Reports of a data breach against Mastercard began surfacing in Germany early last week with Sueddeutsche Zeitung (in German) one of the first news outlets to report on the loss. As is often the case in major corporate breaches, the company was slow to react officially. On Monday it said only that it was aware of an “issue”. The next day the company had someone to blame: a third-party provider it said had lost data which included usernames, addresses and email addresses, but no credit card details.
By Wednesday however this statement was proved incorrect when persons unknown uploaded an Excel file with full credit card numbers to the Internet, without CVV or expiration numbers. However, a credit card number with names and addresses is still a highly valued and dangerous item on the dark web. It took until the end of the week before Mastercard admitted that 90,000 customers had been affected and reported the incident to the German Data Protection Authority (DPA). Mastercard confirmed a third party running its German rewards program Priceless Specials had been attacked.
The company said that the breach had no connection to Mastercard’s payment transaction network, and it was “taking every possible step to investigate and resolve the issue,” including informing and supporting cardholders. The company shut down the German Specials website.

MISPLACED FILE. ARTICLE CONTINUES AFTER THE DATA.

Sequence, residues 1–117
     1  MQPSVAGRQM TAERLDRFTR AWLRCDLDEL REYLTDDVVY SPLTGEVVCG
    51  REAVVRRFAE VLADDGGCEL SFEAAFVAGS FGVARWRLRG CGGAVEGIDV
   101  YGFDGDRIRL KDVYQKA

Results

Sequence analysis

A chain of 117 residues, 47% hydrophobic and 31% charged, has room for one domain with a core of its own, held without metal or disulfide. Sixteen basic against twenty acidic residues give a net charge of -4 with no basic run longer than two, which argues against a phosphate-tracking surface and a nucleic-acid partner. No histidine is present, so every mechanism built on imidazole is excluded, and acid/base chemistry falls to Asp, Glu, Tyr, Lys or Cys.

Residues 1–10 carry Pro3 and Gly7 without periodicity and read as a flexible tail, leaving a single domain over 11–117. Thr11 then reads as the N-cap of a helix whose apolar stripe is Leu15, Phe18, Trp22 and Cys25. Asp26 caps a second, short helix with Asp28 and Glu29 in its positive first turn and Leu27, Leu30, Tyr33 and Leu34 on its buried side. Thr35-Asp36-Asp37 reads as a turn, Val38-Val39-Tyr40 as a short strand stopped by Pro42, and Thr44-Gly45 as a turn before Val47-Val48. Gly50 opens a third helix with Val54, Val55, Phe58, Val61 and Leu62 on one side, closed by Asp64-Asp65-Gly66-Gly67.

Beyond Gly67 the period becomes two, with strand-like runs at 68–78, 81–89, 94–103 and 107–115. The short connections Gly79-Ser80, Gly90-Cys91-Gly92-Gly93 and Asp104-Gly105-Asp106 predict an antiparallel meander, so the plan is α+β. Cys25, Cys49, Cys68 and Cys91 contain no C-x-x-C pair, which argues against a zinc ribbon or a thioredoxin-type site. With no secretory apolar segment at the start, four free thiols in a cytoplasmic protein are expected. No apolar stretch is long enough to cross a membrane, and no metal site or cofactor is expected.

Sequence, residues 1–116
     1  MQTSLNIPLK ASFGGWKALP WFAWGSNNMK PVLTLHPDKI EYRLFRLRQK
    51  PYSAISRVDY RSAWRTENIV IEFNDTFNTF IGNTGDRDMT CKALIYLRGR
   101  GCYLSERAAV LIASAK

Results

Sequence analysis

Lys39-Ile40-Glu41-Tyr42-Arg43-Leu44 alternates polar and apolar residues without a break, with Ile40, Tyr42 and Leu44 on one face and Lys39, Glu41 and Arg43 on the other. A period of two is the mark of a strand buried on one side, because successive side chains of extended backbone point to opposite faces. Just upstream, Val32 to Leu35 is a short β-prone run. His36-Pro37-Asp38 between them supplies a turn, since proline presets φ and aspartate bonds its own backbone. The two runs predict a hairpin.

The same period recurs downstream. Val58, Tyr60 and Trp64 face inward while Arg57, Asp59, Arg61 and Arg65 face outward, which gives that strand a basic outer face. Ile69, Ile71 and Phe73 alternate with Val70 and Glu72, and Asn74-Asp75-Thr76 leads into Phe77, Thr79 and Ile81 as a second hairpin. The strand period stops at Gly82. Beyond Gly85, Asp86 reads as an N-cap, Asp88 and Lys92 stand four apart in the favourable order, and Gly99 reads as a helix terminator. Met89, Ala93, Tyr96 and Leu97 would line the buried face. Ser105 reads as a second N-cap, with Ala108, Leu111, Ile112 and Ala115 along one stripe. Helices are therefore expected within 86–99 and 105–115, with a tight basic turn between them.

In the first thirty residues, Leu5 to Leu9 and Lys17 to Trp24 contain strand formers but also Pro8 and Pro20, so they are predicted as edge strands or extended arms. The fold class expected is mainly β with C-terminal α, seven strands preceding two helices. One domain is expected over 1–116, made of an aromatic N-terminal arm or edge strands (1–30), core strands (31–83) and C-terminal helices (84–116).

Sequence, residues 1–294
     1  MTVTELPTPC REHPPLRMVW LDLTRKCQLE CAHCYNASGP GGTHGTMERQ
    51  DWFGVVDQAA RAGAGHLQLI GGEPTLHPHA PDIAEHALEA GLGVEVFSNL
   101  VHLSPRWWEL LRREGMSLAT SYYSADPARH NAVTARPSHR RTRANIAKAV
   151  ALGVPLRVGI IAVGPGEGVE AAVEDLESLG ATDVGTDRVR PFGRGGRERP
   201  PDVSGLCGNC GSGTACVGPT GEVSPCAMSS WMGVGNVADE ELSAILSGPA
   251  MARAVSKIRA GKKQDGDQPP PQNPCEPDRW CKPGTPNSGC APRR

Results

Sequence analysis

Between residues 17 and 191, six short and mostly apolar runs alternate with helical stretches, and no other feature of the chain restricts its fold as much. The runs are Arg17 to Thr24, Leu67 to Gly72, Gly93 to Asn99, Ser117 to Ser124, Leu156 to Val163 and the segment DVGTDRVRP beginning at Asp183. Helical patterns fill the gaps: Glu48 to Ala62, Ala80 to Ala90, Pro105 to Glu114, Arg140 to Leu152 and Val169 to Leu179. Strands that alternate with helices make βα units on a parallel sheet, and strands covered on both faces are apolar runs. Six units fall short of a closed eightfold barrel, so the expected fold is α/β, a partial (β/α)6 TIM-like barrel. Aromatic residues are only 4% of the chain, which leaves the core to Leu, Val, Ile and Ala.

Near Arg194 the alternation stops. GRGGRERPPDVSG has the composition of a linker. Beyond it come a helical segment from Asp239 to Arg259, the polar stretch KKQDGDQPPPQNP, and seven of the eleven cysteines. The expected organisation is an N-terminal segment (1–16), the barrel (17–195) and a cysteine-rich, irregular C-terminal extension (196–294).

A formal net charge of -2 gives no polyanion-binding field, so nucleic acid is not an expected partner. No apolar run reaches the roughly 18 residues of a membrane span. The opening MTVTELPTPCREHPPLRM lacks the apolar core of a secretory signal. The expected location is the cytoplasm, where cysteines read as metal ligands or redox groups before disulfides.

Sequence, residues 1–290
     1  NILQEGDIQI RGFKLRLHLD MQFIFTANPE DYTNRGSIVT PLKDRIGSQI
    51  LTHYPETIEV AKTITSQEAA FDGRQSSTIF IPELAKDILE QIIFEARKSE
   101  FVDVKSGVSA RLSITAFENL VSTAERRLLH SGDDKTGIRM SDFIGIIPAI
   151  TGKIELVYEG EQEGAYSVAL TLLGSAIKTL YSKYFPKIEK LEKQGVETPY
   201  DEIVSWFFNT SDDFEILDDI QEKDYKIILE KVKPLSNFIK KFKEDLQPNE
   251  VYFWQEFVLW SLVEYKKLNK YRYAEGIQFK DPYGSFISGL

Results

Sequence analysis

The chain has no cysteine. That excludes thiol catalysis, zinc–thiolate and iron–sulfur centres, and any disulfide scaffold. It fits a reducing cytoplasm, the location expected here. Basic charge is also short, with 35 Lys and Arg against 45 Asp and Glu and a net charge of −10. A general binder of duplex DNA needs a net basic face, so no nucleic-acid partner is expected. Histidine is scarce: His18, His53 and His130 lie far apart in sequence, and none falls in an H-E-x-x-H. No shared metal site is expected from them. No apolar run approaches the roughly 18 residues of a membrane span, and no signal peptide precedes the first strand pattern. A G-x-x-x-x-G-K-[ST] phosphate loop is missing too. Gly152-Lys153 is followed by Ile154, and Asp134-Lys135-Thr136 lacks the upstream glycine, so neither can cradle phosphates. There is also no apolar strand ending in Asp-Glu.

There are two lessons from this breach. It took Mastercard five days to fully admit it had been attacked. Not only does this potentially contravene GDPR which requires 72 hours, but more importantly left its customers without any information and unsure of their exposure. This suggests a failure or absence of incident response management policies and processes at Mastercard, which should be put into action at first sign of a potential breach. It cannot be emphasised enough that companies must scrupulously prepare for disaster and incidents, including PR and executive response strategies to avoid telling conflicting stories.
Secondly, the fact that the breach occurred at a service provider proves once again that oversight and due diligence are essential when confidential data is at stake. GDPR quite clearly states that the data controller remains responsible for a breach from a third-party provider. And this case is a perfect example of how Mastercard may be judged to have failed in this regard when the DPA investigates.